2. While a meaningful number of people actually transacted in slightly less time, a small segment of new customers from an affiliate source saw a huge jump in time to transact. Perhaps there was a campaign or promotion that drew in a lot of traffic but people were getting lost after landing on our site. We will completely miss this case, which could quickly become a big problem if we scale up the promotion because the face-value engagement numbers looked good.
  3. A change to the order flow had a positive improvement on app customers but was essentially cancelled out by a slight negative impact on the larger share of mobile web customers who ended up with a more confusing experience. We will not detect this subtle shift, and may draw the wrong conclusion about the changes either not having the desired impact or opting to wait for more data when we have all the information we need already, hiding in plain sight.

As you can see in the respective histograms below, despite the average being the same for each of these scenarios, the overall shape of the distribution is dramatically different.

Same average constructed in three very different ways

While these are just three examples, they illustrate the multitude of potential complications when a distributional metric doesn’t have the right resolution of visibility applied.

So what can we do about this?

Before we get too much into doom and gloom, know that you do have options when it comes to getting a better handle on your key distributional metrics! Here are some recommendations based on past experiences on managing these types of metrics:

  • Track several distribution summaries. Averages aren’t all bad and can still be used effectively, but they aren’t enough. Consider using medians (for a more stable measure of the “typical” experience) and outlier measures, such as 95th or 99th percentile (which represent the most extreme experiences in the distribution, but serve as early warnings)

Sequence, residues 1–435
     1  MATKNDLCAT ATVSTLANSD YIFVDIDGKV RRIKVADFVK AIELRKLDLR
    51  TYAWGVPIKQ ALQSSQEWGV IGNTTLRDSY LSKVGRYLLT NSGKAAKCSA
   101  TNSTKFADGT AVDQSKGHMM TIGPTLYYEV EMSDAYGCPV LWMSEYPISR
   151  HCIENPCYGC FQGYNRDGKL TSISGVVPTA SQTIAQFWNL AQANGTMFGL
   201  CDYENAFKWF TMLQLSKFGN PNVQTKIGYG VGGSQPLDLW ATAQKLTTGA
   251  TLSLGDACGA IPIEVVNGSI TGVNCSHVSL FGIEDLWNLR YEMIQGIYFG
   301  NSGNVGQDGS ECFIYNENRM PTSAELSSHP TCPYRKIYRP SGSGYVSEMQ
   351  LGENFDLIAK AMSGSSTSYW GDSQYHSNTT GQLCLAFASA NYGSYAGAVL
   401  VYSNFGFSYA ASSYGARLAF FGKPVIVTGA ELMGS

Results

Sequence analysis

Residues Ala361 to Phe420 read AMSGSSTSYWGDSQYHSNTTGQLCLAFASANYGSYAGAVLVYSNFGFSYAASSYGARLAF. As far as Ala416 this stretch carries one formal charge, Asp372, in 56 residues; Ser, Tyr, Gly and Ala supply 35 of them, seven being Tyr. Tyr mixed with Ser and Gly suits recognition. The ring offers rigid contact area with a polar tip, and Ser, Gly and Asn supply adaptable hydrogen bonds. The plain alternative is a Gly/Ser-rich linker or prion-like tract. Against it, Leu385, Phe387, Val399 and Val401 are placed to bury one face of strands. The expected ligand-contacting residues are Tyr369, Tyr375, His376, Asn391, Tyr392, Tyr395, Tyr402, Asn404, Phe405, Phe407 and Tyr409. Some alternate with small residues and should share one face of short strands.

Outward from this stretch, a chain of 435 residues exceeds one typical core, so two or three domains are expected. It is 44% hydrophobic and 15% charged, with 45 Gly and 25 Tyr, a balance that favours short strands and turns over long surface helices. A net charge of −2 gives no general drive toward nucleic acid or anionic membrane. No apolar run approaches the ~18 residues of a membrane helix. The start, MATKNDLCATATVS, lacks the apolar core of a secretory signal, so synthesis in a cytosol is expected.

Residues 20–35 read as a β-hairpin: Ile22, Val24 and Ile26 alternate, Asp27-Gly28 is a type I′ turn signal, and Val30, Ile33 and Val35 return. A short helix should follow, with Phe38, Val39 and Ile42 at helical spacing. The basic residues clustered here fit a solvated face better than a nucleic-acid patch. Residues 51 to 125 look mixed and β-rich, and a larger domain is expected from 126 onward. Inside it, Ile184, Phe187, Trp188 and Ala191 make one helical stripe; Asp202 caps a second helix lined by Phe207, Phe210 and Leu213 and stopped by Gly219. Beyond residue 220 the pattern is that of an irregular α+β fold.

• Don’t skip out on dimensional richness. Everything I’ve shared previously on dimensional richness is just as applicable with distributions. The right dimensions let you narrow down distributions to more targeted groups, which make it easier to spot troublesome or unexpected behavior
  • Utilize histograms. Adding a histogram into your metrics review provides a huge boost in contextual insight for teams. These are relatively straightforward to build, and while a bit time consuming to maintain manually, the investment usually pays off.
  • Bring operational visibility to your distributions. Anomaly detection and alerting, trend discovery, and reporting should all be brought to bear on the full spectrum of your distributional metrics, just as you would on any other key metrics. This helps you get a handle on problems as they unfold in real-time.

Now, returning one last time to our time to transaction example, by following these steps, we would have improved our visibility into the bigger picture of the distribution:

  • Tracking additional summary metrics and slicing by actionable dimensions (such as source channel) would mean that the affiliate promotion causing the big jump in time to transaction would be quickly identified
  • Histograms would quickly show the larger shifts between time to transaction between mobile web and app customers
  • Active monitoring would have alerted us to the specific dimensions and portions of the distributions that had changed in real-time, so that business reviews can be about planning out a strategy rather than attempting to understand what’s going on with the metrics.

At Falkon, we see distributions as some of the most important, and challenging, metrics for teams to harness, and our platform helps teams bring their distributions to life. Some of the most common average metrics we see which should instead be thought of as distributional metrics include: session duration, delivery time, time to first transaction, transaction value, deal size, time to support ticket resolution, cart size, and order flow duration, to name a few.

By following these steps, you can make significant inroads towards better incorporating distributions into your operational monitoring and decision-making. This enhanced visibility will empower your organization to move more quickly in addressing emerging problems and capitalizing on new opportunities.


Want more articles like this? Follow Falkon on LinkedIn. 

Leave a Comment